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. AGRICULTURE.I

HINTS UPON GAJELDjSIMIISrG.…

SPORTS AND PASTIMES. -+---

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MURDER OF TWO CHILDREN AND…

A PROSPEROUS MAN AND HIS FANCIED…

THE MURDER NEAR GATESHEAD.

THE DOG AND HER PUPPIES-DIB…

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LOVERS' QUARRELS.

BREACH OF PROMISE OF MARRIAGE.

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BREACH OF PROMISE OF MARRIAGE. In the Court of Common Pleas the case of Kemp v. Harris was concluded on Wednesday. The defendant, a Jew, had kept the King and Queen public-house, Newington-butts, and the plaintiff was barmaid there during his occupancy. Her case was not only that the defendant had promised her marriage, but that he had after the promise seduced her. Since then the defen- dant had married a Miss Hart, who was now his wife. Mr. Digby Seymour and Mr. T. Salter appeared for the plaintiff; and Mr. D. Keane, Q.C., and Mr. F. Turner for the defendant. Mr. Keane summed up the evidence which had been given on the part of the defendant, and contended that the evidence given would not warrant the jury in finding that there had been any promise to marry made; but in the event of the jury being against him upon that point, he urged upon them that the case was one in which small damages only would be con- sistent with justice. According to the plaintiff's own case she had lost only a worthless man, certainly a poor one, and one whom his own father considered to be a fast young man. Mr. D. Seymour wished it to be borne in mind that the defendant's counsel, who had begun by defaming the character of the plaintiff, had ended by doing what he could to destroy that of his own client. The plain facts were that three witnesses had spoken distinctly to references to a promise to marry by the defendant, whilst on the other hand there was nothing but certain circumstances from which the jury were asked to infer that there had been no promise. He had no doubt the jury would believe the positive state- ments rather than rely upon the suggested inferences; and especially so as when the defendant was written to by Mr. Endean and charged with breaking his promise, also with seduction, he simply acknowledged the receipt of the letter, and in no way denied what was charged against him. Taking the promise to have been established, he urged upon the jury that the plaintiff had established her right to substantial damages for the wrong which had been done her. Mr. Justice Byles, in summing up, said that some questions had been put in cross-examination reflecting upon the plaintiff which in his opinion ought not to have been put, because the plaintiff could not by law be called to contradict the aspersions cast upon her; and other evidence had been offered which not only was inadmissible, but the very tender of it was likely seriously to prejudice the plaintiff's case. His lord- ship also went carefully through the evidence, and left it to the jury to say whether they thought that the promise had been made out; and if so, to what amount the plaintiff was entitled for the breach of it. The jury after considering the matter for a few minutes, found for the plaintiff-Damages, X150. There was some attempt at applause when the ver- dict was pronounced.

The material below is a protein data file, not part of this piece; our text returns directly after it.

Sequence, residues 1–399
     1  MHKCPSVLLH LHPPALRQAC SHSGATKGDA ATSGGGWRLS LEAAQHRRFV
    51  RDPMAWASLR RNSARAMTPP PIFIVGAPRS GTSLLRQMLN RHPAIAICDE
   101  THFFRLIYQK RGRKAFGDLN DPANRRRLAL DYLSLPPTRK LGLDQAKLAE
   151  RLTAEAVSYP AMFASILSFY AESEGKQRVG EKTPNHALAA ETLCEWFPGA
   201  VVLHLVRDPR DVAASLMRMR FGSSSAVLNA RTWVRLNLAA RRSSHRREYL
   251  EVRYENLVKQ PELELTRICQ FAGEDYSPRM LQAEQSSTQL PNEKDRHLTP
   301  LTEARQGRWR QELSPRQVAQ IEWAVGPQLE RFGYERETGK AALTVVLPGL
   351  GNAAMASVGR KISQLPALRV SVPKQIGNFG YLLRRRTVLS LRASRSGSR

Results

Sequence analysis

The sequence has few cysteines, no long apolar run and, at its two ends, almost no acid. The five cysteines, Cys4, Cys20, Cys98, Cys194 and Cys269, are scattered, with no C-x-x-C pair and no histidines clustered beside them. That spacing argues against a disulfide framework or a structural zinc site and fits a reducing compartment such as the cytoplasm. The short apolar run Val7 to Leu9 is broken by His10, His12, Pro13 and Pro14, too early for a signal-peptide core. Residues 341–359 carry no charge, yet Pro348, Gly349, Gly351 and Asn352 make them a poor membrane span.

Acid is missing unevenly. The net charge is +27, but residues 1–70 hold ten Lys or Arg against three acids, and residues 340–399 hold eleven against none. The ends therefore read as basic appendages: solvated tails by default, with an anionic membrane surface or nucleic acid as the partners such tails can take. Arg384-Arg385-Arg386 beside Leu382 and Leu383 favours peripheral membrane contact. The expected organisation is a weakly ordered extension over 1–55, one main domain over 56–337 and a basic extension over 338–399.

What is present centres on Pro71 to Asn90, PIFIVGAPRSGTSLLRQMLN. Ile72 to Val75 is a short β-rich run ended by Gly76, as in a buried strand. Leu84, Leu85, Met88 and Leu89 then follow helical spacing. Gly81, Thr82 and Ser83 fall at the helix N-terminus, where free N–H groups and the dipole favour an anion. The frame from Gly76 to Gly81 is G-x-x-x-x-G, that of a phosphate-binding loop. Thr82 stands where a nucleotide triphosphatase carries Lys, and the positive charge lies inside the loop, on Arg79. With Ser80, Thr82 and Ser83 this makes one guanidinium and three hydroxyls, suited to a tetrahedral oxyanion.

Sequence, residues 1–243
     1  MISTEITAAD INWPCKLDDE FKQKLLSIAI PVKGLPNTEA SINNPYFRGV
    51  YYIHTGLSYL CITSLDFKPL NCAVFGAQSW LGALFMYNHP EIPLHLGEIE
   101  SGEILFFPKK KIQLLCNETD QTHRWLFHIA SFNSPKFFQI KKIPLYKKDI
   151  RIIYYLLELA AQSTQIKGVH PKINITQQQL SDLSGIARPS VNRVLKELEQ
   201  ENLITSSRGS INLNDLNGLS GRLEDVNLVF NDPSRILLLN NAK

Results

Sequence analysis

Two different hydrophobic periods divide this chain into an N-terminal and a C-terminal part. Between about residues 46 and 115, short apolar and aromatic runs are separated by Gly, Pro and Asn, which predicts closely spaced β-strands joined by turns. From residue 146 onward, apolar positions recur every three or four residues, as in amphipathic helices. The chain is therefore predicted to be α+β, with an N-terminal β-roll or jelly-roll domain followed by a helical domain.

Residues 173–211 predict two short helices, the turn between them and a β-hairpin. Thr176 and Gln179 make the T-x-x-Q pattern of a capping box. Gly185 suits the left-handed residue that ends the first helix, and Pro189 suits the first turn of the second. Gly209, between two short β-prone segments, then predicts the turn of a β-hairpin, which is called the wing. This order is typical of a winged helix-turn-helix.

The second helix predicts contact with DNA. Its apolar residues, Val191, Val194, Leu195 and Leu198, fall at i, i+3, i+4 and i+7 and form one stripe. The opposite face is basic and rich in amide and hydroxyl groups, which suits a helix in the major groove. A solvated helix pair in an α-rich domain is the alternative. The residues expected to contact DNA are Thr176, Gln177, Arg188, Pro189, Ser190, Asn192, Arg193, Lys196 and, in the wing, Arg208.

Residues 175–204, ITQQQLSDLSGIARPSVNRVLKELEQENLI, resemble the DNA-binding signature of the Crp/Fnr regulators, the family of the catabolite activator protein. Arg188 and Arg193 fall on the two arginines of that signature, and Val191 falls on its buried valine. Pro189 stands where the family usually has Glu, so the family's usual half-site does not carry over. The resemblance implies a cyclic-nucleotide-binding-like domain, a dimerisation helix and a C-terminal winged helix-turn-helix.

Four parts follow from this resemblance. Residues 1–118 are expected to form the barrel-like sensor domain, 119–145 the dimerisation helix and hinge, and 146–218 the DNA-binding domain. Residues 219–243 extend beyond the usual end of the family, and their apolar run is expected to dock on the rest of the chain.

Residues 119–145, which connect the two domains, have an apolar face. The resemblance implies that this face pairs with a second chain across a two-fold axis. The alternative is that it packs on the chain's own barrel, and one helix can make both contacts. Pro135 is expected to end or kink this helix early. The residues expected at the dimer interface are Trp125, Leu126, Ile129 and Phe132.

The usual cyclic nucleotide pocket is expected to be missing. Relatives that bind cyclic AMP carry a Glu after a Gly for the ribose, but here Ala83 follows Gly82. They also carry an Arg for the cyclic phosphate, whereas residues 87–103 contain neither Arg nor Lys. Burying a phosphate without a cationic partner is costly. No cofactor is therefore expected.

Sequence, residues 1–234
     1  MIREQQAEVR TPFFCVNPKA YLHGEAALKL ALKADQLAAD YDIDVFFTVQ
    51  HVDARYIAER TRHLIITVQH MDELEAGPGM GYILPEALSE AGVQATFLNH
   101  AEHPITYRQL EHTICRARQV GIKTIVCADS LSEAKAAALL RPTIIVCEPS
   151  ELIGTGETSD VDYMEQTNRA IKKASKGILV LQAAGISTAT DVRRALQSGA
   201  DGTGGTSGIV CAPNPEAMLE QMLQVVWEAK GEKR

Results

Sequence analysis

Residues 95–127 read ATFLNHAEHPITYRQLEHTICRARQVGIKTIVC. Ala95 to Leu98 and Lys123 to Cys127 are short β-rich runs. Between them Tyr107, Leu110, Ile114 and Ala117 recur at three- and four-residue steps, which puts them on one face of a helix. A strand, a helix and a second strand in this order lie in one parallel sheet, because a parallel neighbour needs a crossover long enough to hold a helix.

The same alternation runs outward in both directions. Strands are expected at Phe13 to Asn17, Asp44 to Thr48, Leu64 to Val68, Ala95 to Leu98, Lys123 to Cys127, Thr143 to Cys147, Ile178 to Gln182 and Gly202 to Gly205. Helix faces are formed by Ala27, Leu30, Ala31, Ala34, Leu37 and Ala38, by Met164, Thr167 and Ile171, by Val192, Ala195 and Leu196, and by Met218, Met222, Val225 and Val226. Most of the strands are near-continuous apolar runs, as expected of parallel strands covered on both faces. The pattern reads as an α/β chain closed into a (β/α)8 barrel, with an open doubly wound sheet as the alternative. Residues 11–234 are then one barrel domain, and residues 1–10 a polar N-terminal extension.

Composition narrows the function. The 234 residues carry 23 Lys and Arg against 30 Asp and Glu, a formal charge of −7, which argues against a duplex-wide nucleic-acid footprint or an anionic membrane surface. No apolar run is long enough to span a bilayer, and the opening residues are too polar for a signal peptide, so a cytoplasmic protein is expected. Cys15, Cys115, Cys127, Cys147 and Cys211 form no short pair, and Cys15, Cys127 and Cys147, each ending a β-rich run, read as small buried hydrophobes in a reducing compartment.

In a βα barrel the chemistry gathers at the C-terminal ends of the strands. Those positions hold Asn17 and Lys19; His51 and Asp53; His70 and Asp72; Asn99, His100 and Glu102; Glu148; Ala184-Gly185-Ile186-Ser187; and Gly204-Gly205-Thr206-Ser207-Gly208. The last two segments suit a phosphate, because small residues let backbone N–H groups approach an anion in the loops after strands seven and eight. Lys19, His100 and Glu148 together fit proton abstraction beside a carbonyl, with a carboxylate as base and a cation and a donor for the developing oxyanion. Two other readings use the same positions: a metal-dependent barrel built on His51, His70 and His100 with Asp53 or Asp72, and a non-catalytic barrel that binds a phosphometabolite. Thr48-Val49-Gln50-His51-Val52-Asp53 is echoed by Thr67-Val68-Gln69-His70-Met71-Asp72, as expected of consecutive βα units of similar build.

A WOMAN BRUTALLY MURDERED…

THE QUEEN IN THE HIGHLANDS.

FACTS AND FACETIAE. —♦—

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